Look! A book review! It’s a very overdue book review – I read See You In The Cosmos so long ago I’ve just had to look up who actually wrote it (Jack Cheng), so I can’t imagine this will be a very detailed review, but to be honest I’m just grateful I seem to have found my blogging motivation again!
11-year-old Alex Petroski loves space and rockets, his mom, his brother, and his dog Carl Sagan—named for his hero, the real-life astronomer. All he wants is to launch his golden iPod into space the way Carl Sagan (the man, not the dog) launched his Golden Record on the Voyager spacecraft in 1977. From Colorado to New Mexico, Las Vegas to L.A., Alex records a journey on his iPod to show other lifeforms what life on earth, his earth, is like. But his destination keeps changing. And the funny, lost, remarkable people he meets along the way can only partially prepare him for the secrets he’ll uncover—from the truth about his long-dead dad to the fact that, for a kid with a troubled mom and a mostly not-around brother, he has way more family than he ever knew.
I really wasn’t sure what I was going to make of See You In The Cosmos but I really enjoyed it. I’m not sure it’s terribly realistic – Alex manages to travel across the USA with very little interference, and it’s actually kind of worrying that he manages it – but he’s a great character, and the people he meets along the way acknowledge that in various ways. I’m not afraid to admit that I cried more than once reading it.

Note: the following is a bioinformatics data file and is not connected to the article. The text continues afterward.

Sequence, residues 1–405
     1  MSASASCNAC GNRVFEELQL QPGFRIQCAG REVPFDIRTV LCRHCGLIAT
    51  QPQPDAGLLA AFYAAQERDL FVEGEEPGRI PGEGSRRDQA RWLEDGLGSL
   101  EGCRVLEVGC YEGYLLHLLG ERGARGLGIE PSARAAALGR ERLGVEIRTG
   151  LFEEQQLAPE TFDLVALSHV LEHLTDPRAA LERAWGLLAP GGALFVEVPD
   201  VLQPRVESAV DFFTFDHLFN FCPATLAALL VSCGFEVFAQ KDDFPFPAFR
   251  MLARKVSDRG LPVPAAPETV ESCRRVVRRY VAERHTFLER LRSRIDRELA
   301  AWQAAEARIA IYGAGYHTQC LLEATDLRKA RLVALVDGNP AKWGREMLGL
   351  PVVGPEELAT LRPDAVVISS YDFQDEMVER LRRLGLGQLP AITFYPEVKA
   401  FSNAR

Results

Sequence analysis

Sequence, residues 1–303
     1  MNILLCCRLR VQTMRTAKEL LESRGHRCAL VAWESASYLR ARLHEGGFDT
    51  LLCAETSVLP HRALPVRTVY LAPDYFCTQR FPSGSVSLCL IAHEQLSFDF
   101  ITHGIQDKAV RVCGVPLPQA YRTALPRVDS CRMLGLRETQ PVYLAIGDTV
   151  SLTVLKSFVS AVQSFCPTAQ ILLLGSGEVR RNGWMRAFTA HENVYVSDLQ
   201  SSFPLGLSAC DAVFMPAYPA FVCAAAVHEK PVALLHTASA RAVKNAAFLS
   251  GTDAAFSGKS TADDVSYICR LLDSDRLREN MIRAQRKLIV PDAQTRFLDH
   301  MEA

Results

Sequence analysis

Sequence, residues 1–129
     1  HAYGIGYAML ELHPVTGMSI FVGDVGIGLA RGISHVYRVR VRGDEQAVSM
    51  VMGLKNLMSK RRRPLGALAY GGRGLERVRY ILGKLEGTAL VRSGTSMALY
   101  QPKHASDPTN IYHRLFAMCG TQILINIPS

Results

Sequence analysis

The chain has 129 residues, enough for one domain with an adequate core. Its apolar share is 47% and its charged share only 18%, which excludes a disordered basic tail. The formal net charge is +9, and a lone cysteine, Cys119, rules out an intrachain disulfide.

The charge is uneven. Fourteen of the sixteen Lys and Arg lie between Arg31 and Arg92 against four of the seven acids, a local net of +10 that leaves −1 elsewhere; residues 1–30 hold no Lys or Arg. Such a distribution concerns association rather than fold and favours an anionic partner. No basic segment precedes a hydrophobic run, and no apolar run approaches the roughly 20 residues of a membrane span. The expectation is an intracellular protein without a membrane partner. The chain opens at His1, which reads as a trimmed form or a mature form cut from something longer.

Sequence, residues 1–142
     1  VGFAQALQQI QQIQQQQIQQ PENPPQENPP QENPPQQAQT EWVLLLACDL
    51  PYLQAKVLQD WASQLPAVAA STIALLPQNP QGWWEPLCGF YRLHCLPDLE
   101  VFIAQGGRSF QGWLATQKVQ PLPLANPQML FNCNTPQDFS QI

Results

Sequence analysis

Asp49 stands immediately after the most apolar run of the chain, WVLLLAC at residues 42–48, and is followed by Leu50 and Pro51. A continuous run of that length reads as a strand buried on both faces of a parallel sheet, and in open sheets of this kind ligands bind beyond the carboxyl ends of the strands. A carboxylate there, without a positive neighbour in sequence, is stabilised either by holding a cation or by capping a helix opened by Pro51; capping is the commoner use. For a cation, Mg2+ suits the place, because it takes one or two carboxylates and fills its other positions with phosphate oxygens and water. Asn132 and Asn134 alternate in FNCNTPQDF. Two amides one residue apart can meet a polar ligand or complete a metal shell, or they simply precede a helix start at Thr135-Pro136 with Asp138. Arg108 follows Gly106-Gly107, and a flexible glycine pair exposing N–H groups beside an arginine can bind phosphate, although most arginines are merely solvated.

I also really liked the structure of the book – Alex is talking into his ipod to make a recording to send to space, in the hope that alien lifeforms find it and listen to it. Alex’s enthusiasm is infectious, and I think the idea of the recording brings us closer to him. Equally, his sadness seems very real, and I remember feeling very dejected, as Alex did, at certain points in the story. As an adult, I was also horrified at Alex’s backstory – he’s essentially been looking after himself for a year at the point the story begins, and that just made my heart ache.
I’m really glad this came up as a read now on Netgalley, because I’m not sure it’s a book I would have come across otherwise, and I’d have missed out. It is a MG book, but probably for the upper end of the age range, and if you know anyone who’s obssessed this space, I think they would get on very well with Alex. See You In The Cosmos is definitely well worth a read.
ARC received from Puffin Books via Netgalley in exchange for an honest review.